Tag Archives: my memoir

Me, Albee and the Butterfly Effect: Scholars & Rogues Honors

An icon of the American theatre, Edward Albee, died this week. Scholars & Rogues honors him and notes the small ways that the influence of great artists can affect our lives for years to come.

The Zoo Story by Edward Albee, New Theatre Company, The Factory Theatre, Boston, 2/23/12-3/4/12

The Zoo Story by Edward Albee, New Theatre Company, The Factory Theatre, Boston, 2/23/12-3/4/12

We read The Zoo Story in one of my classes at Wake Forest – maybe freshman or sophomore year. I absolutely loved it. I think Jerry spoke to my teenage sense of who I was and what I didn’t want to be, and this dynamic was reinforced by the culture of the university. Wake was conservative and elite. I was conservative, but working class. Many of my fellow students were preparing themselves for sensible, practical, conventional lives. I wanted to be a poet. So while I don’t believe I necessarily understood that tension then the way I do now, I felt an immediacy in Peter and Jerry’s confrontation that, truth be told, still resonates for me today.  Read more

Cerebellar ataxia and me: trying to live while the brain is dying

Spinocerebellar ataxia sucks the joy out of another day…

As I have mentioned before, I have a degenerative brain condition. It’s called spinocerebellar ataxia, and is essentially an atrophying of the portion of the brain that coordinates and regulates muscular activity. If you read the details at NIH you’ll probably understand pretty quickly just how nasty it really is. It has taken away a lot of what I love in life and is, for now, uncurable. For the most part, there is also no treatment for the symptoms.

My doctors at the University of Colorado Health Center are some of the best in the business, and we have had frank conversations about what this disease means for me. Read more

My Memoir: Dodgeball

It was the greatest moment of my life.

I attended a high school in rural North Carolina that was probably typical of rural high schools in every way, up to and including the sadistic coach/science teacher archetype. At our school it was Coach Kelly. He ran the wrestling program, was an assistant football coach, and, of course, an educator specializing in the lower division sciences. Side note: my high school has never produced a Nobel winner.

Anyhow, it was either my freshman or sophomore year and I had Mr. Kelly for PE. One day, when it was either too wet or too cold to go outside, the activity was Dodgeball. Read more

My Memoir: ice cream

Sam-Smith-MemoirWhen I was a kid my grandparents and I would sit on the couch and watch television in the evenings. We had all kinds of favorites. Beverly HillbilliesAndy GriffithAll in the FamilyHee-Haw, Happy DaysThe Brady BunchThe Rockford FilesThe Partridge FamilyLaverne & Shirley, you name it. Those were great times, even though we only had black and white. And over the air, so usually rabbit ears with enough tin foil hanging off them to wrap a decade’s worth of Thanksgiving leftovers.

Anyway, every once in awhile Grandmother would look over at me and say, “do you want some ice cream?” Read more

My memoir: Sam vs Peaches

I’m the Forrest Gump of apples.

My favorite desserts often involve apples. Apple pie, apple cobbler, apple crisp, apple tarts, baked apples, apple dumplings, stewed apples, apple danish, apple butter, apple kugel, applesauce, apple cake, apple cookies – especially those soft Archways… [sigh] I’m sort of the Forrest Gump of apples.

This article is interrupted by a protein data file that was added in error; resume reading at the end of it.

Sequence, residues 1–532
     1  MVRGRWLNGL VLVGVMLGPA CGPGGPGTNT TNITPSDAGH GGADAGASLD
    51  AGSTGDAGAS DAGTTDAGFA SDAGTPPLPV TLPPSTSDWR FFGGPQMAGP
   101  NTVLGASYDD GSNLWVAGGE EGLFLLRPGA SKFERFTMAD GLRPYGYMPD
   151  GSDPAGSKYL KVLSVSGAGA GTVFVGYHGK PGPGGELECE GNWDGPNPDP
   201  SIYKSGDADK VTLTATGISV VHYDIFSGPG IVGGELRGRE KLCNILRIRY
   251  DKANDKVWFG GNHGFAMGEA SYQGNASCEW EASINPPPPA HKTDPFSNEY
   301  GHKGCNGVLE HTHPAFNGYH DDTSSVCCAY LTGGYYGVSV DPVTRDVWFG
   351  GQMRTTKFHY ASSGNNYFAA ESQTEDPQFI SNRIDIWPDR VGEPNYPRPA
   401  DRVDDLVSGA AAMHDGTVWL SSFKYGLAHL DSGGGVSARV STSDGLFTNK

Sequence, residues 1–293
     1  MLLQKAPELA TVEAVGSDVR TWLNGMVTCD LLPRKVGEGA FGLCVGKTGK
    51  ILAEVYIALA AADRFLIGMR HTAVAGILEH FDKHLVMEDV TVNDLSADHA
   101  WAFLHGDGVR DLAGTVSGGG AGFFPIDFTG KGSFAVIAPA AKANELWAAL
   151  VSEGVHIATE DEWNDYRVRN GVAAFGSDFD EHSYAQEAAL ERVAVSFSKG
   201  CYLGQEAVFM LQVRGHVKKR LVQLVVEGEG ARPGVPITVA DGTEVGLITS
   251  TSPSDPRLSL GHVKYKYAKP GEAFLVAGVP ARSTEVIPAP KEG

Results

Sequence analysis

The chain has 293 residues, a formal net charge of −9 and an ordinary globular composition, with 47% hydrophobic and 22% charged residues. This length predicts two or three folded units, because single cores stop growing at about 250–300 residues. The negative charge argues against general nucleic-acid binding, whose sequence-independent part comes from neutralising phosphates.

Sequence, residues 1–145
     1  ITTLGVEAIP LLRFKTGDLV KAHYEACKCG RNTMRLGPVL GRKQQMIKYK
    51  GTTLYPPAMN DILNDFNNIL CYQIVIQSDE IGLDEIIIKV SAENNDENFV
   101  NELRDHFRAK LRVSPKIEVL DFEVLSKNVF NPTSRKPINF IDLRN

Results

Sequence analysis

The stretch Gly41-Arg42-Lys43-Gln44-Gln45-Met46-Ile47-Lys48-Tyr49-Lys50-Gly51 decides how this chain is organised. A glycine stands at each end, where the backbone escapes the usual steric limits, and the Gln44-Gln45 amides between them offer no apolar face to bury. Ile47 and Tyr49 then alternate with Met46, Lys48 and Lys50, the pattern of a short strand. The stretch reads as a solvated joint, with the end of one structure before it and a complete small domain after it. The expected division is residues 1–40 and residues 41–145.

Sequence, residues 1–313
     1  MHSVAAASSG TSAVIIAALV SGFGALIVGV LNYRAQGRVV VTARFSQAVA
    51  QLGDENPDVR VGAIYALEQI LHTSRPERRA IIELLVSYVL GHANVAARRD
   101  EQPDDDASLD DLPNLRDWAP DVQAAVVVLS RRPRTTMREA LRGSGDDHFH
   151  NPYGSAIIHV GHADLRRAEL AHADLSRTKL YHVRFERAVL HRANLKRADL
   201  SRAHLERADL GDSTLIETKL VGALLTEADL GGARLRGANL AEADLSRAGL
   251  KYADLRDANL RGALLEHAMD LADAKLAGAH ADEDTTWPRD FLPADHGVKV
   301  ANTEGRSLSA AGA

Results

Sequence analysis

But my childhood was a frustrating one. My grandmother (I lived with my grandparents) was a great baker, and her pies and cobblers were delicious. Obviously I wanted apple pie and apple cobbler. Like, every meal.

But I had a problem: my grandfather preferred peaches. Read more

Je suis Mourinho

Is José Mourinho an all-time great, or merely the greatest of a generation?Jose Mourinho

Imagine the following scenario.

After last year’s Super Bowl win the New England Patriots enter the 2015-16 season as strong contenders to repeat. However, for reasons that aren’t immediately clear, they come out of the gate slowly, losing a series of games they’d be expected to win. As the middle of the season approaches, things have grown dire. The Pats are 1-6, rumors swirl that Bill Belichick has lost the locker room, and nobody except the weakside linebacker is playing worth a damn. Linemen can’t block, all-pro receivers have forgotten how to catch and Tom Brady has thrown 20 interceptions against zero touchdown passes.

Bob Kraft finally throws in the towel and fires Belichick. In the next game, with the secondary coach acting as interim head coach, the Patriots look like their old selves as they roll Cleveland 35-3.

Insane, huh? But that’s more or less exactly what has happened with English Premier League Champions Chelsea FC this season. Read more

The Tuesday before Thanksgiving: a moment of symmetry in a ragged life

It’s been a strange couple of years.

In August 2013 I moved to Seattle to take a new job. I was leaving the city I love, leaving my friends and my life and diving blind into the great unknown. I’ve done this before, several times, but it gets harder as you get older, especially when it feels like you’re running from things instead of toward them. Still, I was optimistic and looking forward to the new opportunity.

Three months later – on the Tuesday before Thanksgiving, to be precise – the designated sociopath from the home office in Charlottesville walked into the building, closed the office and fired everyone. Read more